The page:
The band seem not to be looking to stay however and seem to be passing through, presumably looking for a better life. The writer introduces them with no names at first and provides a brief description, first of the father, whose asyndetic list of attributes suggest little which stands out – he is seen as ‘most unimportant-looking’ though in an obvious state of physical strength -‘ short , stout’. We can assume that the ‘most unimportant-looking’ tag is one as seen from those who consider themselves important – the businessmen and money makers familiar in this urban setting from Fitzgerald’s Great Gatsby. To them, anyone not engaged in making money would be unimportant. His obvious moral quality would no longer count in this industrialised world. He is likened to a street preacher and at once he is removed from mainstream society. His wife, significantly older, is strong – ‘solid of frame and vigorous – and later we will see her take control of the group. She resembles the pioneer-mother stereotype familiar from works like My Antonia or the, as yet unwritten, Grapes of Wrath. In these depictions of pioneer struggle and financial hardship, it is the women who hold the families together as they toil to establish their version of the American Dream, yet this character is ‘not homely’ suggesting the enormity of the task at hand – travelling in the lord’s name to find a suitable location to call home. The indolent and debauched world of the 1920s – the so called ‘roaring’ twenties – is a far cry from the life of these itinerant souls.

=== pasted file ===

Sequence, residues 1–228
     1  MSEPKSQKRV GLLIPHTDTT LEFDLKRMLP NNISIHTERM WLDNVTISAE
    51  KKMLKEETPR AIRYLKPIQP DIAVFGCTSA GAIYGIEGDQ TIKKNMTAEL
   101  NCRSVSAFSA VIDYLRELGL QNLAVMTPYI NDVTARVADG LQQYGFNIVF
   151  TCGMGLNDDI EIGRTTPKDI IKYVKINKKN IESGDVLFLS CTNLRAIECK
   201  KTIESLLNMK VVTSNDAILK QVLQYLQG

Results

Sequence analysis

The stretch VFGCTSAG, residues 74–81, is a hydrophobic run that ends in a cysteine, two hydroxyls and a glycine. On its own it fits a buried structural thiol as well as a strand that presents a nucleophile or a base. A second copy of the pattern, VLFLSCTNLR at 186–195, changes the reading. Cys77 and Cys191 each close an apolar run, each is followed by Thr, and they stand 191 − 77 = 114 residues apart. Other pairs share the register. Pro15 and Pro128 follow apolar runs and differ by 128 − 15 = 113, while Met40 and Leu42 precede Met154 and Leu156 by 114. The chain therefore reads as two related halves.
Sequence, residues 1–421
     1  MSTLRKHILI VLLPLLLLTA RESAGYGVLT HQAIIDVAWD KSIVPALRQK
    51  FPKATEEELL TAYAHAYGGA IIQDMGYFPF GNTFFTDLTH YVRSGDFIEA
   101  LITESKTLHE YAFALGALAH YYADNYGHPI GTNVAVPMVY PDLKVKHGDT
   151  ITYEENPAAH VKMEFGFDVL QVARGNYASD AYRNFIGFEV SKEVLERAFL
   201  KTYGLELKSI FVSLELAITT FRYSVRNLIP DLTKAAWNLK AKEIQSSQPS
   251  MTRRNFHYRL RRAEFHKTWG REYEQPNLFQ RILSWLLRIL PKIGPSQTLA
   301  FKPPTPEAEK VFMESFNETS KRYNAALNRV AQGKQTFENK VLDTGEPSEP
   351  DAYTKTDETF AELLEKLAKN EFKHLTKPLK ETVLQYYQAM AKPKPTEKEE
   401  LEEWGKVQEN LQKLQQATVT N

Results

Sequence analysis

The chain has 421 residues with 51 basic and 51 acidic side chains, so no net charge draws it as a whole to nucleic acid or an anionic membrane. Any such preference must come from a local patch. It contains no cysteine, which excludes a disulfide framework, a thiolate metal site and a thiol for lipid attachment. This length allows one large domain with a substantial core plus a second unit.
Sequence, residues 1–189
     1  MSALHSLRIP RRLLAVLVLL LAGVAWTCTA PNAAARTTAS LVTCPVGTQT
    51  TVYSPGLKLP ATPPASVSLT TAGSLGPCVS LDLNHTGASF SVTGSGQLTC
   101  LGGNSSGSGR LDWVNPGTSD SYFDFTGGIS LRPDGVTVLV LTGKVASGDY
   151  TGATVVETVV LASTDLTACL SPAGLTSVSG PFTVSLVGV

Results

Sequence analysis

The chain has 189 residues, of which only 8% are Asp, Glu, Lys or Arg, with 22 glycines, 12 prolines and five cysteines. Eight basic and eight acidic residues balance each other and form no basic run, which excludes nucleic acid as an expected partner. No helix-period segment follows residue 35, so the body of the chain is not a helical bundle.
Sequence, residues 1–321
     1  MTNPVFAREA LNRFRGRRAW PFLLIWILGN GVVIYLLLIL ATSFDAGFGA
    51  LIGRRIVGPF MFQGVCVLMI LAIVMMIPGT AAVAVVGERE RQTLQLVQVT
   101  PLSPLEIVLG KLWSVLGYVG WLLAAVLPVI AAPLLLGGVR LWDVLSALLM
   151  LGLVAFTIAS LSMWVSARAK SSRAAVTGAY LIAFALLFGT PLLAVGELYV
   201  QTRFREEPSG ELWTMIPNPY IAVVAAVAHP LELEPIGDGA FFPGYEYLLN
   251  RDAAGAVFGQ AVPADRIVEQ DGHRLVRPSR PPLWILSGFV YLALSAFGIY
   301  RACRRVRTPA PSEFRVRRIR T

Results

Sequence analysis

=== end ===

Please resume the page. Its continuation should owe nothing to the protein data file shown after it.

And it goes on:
The pair have children – a boy of seven and interestingly three teenagers described as walking ‘independently behind’ as though following in body, if not in mind – they follow ‘obediently, but not too enthusiastically’ and Dreiser shows us the capacity for change found in the younger generation who are ready to move with the times, not with their parents.